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National security concerns haunt Jags game

City stepping up security for Thursday game

Jaguars linebackers Paul Posluszny and Dan Skuta prepare to run onto the field at Wembley Stadium.
Jaguars linebackers Paul Posluszny and Dan Skuta prepare to run onto the field at Wembley Stadium. (AP photo by Matt Dunham)

JACKSONVILLE, Fla. – With the Jacksonville Jaguars taking on the Tennessee Titans Thursday night in Jacksonville, safety has become a concern following the terrorist attacks in Paris and other suspected terrorist operations in Europe.

Jacksonville is not the only city on high alert from the possibility of terror attacks with videos allegedly from ISIS saying they were planning attacks on cities like New York and Washington.

In Jacksonville, the Jags said fans should expect a longer-than-usual wait to get inside, and wanted to remind those headed to the game that they will be searched with a security wand and only clear plastic bags are allowed inside.

With people on edge, Jacksonville Sheriff Mike Williams said JSO is working to make sure everyone will be safe.

Mayor Lenny Curry sat down with Williams to discuss the plans for the game and said afterward there will be extra officers on duty. For security reasons they are not going to say how many more officers or where they will be stationed for the game, but said they are ready.

When asked, Williams said there were no direct threats made in relation to Thursday's game but they were continuing to monitor things to make sure they were prepared.

Jaguars linebackers Paul Posluszny and Dan Skuta prepare to run onto the field at Wembley Stadium.
Jaguars linebackers Paul Posluszny and Dan Skuta prepare to run onto the field at Wembley Stadium.

"We don't have any direct threats. We deal with that information as it comes. We are tied in closely with all of our state and federal partners and get a lot of information along those lines from those partners and again we're connected with them every day. We're obviously paying close attention to that and have had a lot of conversations about that but no direct threats for the city today," Williams said.

The Jags also issued a statement for the game that said:

"Security for this game will be thorough, with enhanced messaging, including 'see something say something.' Everyone attending the game is encouraged to plan on arriving early and to expect some delays in entering the stadium."

If something were to happen while fans are in the stadium, News4Jax Crime and Safety Analyst Gil Smith said the best advice is not to panic.

"For the most part, the best thing to do is stay put in the stadium until you are instructed what to do," Smith said. "Because you are not sure exactly what is going on. If everyone starts doing a mass exit a lot of time people are crushed and do more damage. Or if you run outside, it could be an ambush-type situation with someone sitting out there waiting to shoot at people running outside the stadium."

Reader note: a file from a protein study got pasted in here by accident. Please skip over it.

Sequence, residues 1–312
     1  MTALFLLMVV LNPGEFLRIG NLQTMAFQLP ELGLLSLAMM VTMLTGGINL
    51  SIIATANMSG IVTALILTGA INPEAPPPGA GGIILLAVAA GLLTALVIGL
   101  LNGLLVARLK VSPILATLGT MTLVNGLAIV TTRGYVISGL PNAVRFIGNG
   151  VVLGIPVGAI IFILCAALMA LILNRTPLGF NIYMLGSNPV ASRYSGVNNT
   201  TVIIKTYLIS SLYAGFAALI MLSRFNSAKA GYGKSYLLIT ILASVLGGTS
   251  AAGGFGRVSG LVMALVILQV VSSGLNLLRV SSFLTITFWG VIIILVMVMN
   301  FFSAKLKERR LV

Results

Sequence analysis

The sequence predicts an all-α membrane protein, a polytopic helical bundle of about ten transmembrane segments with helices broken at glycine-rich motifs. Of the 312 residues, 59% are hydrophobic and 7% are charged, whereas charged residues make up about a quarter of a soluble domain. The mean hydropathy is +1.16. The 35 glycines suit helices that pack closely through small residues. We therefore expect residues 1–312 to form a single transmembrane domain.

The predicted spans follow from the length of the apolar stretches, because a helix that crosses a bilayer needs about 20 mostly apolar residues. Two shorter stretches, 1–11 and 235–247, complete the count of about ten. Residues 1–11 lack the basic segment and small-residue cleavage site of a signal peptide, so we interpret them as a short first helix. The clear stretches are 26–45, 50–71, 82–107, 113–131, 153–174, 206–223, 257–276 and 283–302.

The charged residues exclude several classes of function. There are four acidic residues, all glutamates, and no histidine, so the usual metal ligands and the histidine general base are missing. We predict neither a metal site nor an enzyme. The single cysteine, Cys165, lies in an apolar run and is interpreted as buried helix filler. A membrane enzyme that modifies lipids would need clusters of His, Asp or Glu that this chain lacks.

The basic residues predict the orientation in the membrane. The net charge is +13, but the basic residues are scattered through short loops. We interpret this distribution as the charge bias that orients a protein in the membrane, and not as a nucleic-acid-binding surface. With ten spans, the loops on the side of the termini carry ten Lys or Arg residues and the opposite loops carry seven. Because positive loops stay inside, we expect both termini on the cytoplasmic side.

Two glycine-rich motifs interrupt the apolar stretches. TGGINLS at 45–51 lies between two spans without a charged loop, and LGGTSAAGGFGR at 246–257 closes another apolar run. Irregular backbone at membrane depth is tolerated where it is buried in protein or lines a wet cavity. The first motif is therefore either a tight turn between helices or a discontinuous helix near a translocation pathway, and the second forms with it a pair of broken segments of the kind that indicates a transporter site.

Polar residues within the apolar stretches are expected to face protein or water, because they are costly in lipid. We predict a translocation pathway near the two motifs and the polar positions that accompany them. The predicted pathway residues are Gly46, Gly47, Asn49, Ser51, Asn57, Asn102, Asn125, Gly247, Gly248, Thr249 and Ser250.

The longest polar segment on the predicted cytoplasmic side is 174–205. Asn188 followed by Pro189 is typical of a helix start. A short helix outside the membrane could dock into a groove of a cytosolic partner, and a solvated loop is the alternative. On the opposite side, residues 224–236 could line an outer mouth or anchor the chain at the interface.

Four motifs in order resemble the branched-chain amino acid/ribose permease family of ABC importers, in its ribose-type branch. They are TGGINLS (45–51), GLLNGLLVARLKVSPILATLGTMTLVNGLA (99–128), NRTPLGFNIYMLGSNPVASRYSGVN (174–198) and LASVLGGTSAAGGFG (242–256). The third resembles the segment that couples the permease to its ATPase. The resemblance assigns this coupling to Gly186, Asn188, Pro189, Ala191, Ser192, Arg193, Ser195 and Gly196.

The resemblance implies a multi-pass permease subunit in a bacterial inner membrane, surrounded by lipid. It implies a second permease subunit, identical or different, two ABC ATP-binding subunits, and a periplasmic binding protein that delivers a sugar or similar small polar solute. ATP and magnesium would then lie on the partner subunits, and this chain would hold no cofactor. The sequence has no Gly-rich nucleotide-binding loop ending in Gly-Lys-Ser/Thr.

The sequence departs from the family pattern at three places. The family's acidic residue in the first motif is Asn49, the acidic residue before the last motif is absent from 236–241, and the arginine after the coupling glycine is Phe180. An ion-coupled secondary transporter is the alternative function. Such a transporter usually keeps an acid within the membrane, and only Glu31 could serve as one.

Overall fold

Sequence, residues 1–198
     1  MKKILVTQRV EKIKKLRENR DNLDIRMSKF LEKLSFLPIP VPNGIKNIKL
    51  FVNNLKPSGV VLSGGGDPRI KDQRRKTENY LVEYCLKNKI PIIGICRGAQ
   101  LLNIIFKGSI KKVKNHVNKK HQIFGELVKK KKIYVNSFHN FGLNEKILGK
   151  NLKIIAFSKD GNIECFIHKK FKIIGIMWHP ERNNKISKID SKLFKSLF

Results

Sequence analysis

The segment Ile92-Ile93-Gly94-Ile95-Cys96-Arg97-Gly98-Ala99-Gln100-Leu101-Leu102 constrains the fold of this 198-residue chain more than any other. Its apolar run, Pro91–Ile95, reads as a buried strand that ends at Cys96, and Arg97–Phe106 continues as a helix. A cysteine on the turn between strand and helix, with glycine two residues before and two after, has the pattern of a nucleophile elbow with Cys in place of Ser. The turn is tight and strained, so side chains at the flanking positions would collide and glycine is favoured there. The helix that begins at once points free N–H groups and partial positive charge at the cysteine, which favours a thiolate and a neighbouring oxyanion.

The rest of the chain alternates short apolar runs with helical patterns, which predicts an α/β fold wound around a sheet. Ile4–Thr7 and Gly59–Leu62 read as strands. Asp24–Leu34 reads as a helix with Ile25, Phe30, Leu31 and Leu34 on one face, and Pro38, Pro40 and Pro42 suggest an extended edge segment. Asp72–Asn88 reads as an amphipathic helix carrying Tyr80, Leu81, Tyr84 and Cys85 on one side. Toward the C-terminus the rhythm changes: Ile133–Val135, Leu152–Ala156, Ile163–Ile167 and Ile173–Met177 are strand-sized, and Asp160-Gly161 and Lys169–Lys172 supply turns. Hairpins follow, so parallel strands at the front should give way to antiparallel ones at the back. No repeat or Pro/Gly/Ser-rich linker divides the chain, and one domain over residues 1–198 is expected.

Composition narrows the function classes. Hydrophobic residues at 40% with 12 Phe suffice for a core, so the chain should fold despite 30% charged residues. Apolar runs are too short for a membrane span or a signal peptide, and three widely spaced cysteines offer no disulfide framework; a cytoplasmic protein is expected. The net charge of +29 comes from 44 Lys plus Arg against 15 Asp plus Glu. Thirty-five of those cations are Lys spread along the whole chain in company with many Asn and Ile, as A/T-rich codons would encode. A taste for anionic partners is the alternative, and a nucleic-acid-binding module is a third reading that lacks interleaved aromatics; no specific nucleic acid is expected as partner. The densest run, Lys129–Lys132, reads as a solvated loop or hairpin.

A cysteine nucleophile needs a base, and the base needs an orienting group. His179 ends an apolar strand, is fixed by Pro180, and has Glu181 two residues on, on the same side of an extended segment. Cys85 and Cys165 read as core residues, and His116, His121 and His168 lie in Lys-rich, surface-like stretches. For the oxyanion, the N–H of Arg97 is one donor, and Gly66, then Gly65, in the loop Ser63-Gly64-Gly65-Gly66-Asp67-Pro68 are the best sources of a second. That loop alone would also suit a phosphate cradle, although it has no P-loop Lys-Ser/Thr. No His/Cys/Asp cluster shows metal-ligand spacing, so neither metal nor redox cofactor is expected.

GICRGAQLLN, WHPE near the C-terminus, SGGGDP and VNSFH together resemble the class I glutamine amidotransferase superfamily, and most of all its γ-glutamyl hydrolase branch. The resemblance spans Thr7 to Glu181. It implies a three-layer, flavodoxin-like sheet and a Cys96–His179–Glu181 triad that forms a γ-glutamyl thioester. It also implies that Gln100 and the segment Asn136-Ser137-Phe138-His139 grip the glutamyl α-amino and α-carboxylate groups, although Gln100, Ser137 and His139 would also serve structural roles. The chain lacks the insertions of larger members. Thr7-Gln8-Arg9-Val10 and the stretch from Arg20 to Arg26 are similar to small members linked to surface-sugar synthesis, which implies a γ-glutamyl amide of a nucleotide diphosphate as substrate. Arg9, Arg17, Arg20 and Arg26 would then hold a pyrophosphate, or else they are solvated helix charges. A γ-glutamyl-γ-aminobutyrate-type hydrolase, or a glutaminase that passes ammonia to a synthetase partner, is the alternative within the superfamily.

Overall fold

He also wanted to remind fans that the people in the stadium have also been screened and chances are people will be safer in the stadium. Then listen to what security officials say when they determine where people should go.

Williams said this is just the start of many big events in Jacksonville and the city is working to make sure they are all safe.

"We have a significant number of events between now and the end of the year. We will have an increased emphasis on security at all of those events moving forward. Again, something you may not see, hopefully you don't see a lot of. We don't want to impact experiences that are happening at the Boat Parade, bowl game, or any of those things happening downtown. But we will have extra presence there and people may see that," Williams said.

The mayor said he plans to attend the game and is not worried.

Gates 1 and 4 open at 5:30 p.m. and all other gates open at 6:30 p.m.

ISIS' threats to other cities

As far as the threats to other cities across the U.S. counterterrorism expert and former SWAT team member Rick Parker said that those threats may not be legitimate and is surprised that French authorities were able to capture any of the terrorists alive.

"The history has always shown they're committed to their own death. And not in the hands of authorities in whatever country they're dealing with. But you've also got to know they've factored in a pattern of booby traps and waiting for first and second responders to arrive," Parker said.

Parker also said that the threat against New York could just be saber rattling by ISIS.

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He did say however that ISIS is starting to evolve in how it communicates by doing things like using encrypted apps, which are harder to track. Parker said it's not just as easy as wiretaps on phone calls anymore.

"We've always used monitoring of cell phone towers which has been a great avenue. I'm sure they're going to evolve. They know we've done this for years," Parker said.

The other issue of the day nationally when it comes to security concerns is whether to accept Syrian refugees. Parker said one issue from a security perspective is how good of a system the U.S. has to vet who's in the U.S.

"I think they're continuing to develop processes to vet refugees. But that said if you don't have concrete systems in place, I think there will be significant problems with who might be a refugee and who might be a terrorist," Parker said.

But as the Jags' only nationally televised regular season game is about to kick off, Curry and Williams are convinced that there is no threat against the game.


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